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Book aims to pin down economic return on investigative reporting

Editor's Note:

This article first ran on April 11, 2017 on the Columbia Journalism Review's website.

By Anya Schiffrin

At a time when U.S. journalism is being hit by the collapse of advertising revenue, ongoing uncertainty about business models, and a continual assault from the alt-right and the White House, a new book explains why investigative reporting is essential for policy making and social well-being.

Democracy’s Detectives: The Economics of Investigative Journalism (Harvard University Press, 2016) by economist James T. Hamilton is probably the most detailed, comprehensive study ever published of how US investigative reporting has evolved since Watergate. Hamilton, director of the journalism program at Stanford University, provides a taxonomy of subjects covered by different types of outlets and estimates the cost-benefit to society of the reporting.

Hamilton’s economic perspective is particularly relevant at a time of resource constraint. Many of the investigative stories Hamilton examines cost their newspaper $200,000 or $300,000 to report, but the savings to society were far larger. The following Q&A has been edited for length and clarity.

One of the remarkable things about Democracy’s Detectives is you looked at data mined from 12,000 entries in the journalism prize contests held by the Investigative Reporters and Editors organization from 1979 to 2010. What did you find?

Investigative reporting involves original work, about substantive issues, that someone wants to keep secret. The economics of this type of work are often discouraging. Original work means there is a fixed cost of finding and telling the story. When your reporting changes laws or policies, the benefits spill over onto many people who will never be your readers or viewers, so it is hard for the media outlet to monetize the value generated by these policy changes. By denying access and resisting FOIA requests, the government can raise the transaction costs to finding out what is going on in an agency. These are some of the reasons why, on average, a story submitted to the IRE prize competition takes six months to produce.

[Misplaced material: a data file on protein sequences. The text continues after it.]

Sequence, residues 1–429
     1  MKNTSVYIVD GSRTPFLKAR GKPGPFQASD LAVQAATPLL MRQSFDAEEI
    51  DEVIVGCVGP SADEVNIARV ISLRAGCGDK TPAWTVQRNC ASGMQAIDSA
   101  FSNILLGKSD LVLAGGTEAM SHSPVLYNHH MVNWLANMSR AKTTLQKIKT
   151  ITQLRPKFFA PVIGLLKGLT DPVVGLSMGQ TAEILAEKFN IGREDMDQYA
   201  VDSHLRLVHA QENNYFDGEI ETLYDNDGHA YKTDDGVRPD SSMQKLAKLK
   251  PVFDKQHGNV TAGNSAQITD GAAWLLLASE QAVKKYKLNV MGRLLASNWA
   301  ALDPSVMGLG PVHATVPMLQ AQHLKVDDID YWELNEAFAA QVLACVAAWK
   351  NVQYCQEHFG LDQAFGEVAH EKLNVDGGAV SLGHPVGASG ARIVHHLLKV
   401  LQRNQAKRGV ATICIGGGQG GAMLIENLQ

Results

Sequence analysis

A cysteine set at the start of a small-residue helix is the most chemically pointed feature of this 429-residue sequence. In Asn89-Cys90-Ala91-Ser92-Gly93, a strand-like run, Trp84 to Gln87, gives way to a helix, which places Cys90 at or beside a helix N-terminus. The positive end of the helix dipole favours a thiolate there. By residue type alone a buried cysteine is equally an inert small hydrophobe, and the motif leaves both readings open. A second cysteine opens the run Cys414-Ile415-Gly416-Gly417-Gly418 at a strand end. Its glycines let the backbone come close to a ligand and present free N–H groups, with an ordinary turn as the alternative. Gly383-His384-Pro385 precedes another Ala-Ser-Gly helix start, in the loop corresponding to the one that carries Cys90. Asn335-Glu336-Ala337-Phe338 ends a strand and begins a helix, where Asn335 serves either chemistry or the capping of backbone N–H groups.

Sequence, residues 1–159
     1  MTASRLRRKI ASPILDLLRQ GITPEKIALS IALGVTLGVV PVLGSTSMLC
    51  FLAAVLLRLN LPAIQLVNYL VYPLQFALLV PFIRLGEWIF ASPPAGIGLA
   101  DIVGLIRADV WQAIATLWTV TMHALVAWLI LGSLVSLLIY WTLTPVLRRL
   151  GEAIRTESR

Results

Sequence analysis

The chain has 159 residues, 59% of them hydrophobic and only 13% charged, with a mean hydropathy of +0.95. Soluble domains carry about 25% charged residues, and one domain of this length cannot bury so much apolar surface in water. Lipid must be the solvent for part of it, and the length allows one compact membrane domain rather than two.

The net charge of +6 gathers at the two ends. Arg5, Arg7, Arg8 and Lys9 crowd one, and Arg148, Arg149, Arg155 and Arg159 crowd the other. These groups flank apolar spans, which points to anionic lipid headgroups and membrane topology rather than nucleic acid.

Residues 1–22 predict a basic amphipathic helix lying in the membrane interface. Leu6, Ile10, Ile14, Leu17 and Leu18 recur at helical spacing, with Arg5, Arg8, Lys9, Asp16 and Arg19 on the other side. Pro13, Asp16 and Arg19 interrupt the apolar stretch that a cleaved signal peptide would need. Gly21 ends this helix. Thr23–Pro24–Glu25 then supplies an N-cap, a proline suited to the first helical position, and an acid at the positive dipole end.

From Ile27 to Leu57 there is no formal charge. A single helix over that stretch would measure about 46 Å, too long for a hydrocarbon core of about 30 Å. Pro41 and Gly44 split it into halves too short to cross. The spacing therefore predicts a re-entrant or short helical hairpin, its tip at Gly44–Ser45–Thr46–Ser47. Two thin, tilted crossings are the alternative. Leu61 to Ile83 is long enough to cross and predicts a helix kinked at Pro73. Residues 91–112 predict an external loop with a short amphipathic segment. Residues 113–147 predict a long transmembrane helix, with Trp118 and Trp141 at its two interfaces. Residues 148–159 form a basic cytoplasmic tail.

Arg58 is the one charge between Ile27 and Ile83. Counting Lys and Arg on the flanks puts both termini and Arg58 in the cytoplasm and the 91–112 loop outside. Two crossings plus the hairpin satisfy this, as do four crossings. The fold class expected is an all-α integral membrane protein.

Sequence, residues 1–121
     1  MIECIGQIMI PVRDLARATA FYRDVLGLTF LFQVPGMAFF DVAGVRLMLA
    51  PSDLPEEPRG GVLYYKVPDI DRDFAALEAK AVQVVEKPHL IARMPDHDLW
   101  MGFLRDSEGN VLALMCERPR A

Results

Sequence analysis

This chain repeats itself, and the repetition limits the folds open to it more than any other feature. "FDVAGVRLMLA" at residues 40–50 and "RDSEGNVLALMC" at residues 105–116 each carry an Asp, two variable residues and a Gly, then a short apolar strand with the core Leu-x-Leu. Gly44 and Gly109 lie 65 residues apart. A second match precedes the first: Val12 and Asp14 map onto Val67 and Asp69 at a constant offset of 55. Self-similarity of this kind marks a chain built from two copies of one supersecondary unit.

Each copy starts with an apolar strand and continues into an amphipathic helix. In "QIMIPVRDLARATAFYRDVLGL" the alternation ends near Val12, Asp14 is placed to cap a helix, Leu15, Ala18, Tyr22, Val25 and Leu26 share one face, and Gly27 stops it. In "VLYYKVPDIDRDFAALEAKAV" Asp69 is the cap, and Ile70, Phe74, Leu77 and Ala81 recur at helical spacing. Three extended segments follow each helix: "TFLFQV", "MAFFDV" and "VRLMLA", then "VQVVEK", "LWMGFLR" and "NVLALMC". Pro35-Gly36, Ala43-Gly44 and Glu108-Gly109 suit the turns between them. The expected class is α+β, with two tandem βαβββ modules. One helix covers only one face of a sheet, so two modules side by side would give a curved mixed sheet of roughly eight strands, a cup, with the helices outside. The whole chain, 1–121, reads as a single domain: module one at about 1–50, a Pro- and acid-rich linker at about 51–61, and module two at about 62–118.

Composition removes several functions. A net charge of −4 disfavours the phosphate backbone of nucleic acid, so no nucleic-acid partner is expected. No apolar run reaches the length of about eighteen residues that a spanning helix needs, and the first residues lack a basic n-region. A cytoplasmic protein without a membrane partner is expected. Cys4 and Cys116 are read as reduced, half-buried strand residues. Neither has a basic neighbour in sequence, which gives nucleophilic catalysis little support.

Despite these calculations, investigative work does get done. In newspapers, investigative work appears to happen at outlets with higher circulations, which allows a paper to spread the costs of investigation across many readers. If you are offering important stories that others are not, this provides a reason for consumers to seek out your work.

In Democracy’s Detectives you remind us of a key point made in Journalism of Outrage which is that the impact of journalism coverage can unfold over time and in three phases: individualistic, deliberative and then substantive. In other words, the impact on an individual, of a piece of investigative reporting,  can be transformed into a broader discussion about how to address the problems revealed by journalists and then finally into a policy change.  After analyzing so many pieces of investigative reporting, what kind of impact did your study find from that reporting, and how did that change over time?

Nearly 15 percent of IRE prize contest entries noted their work led to investigations by others. The most likely individual effects were resignations (6%), indictments (4%), and firings (3%). Slightly more than one percent of the IRE stories resulted in the enactment of new laws.